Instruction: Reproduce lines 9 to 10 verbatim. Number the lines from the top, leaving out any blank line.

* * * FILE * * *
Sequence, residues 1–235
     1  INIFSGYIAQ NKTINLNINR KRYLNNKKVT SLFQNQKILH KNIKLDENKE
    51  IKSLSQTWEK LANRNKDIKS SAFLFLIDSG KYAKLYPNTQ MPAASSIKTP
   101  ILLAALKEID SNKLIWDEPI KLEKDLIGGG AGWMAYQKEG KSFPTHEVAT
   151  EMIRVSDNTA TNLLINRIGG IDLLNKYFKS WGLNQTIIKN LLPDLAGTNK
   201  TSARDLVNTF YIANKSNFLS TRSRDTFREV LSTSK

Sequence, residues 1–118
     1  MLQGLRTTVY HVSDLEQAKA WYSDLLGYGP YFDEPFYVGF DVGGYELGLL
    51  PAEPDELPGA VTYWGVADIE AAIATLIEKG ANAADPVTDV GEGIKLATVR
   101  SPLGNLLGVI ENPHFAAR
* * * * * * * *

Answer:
    51  PAEPDELPGA VTYWGVADIE AAIATLIEKG ANAADPVTDV GEGIKLATVR
   101  SPLGNLLGVI ENPHFAAR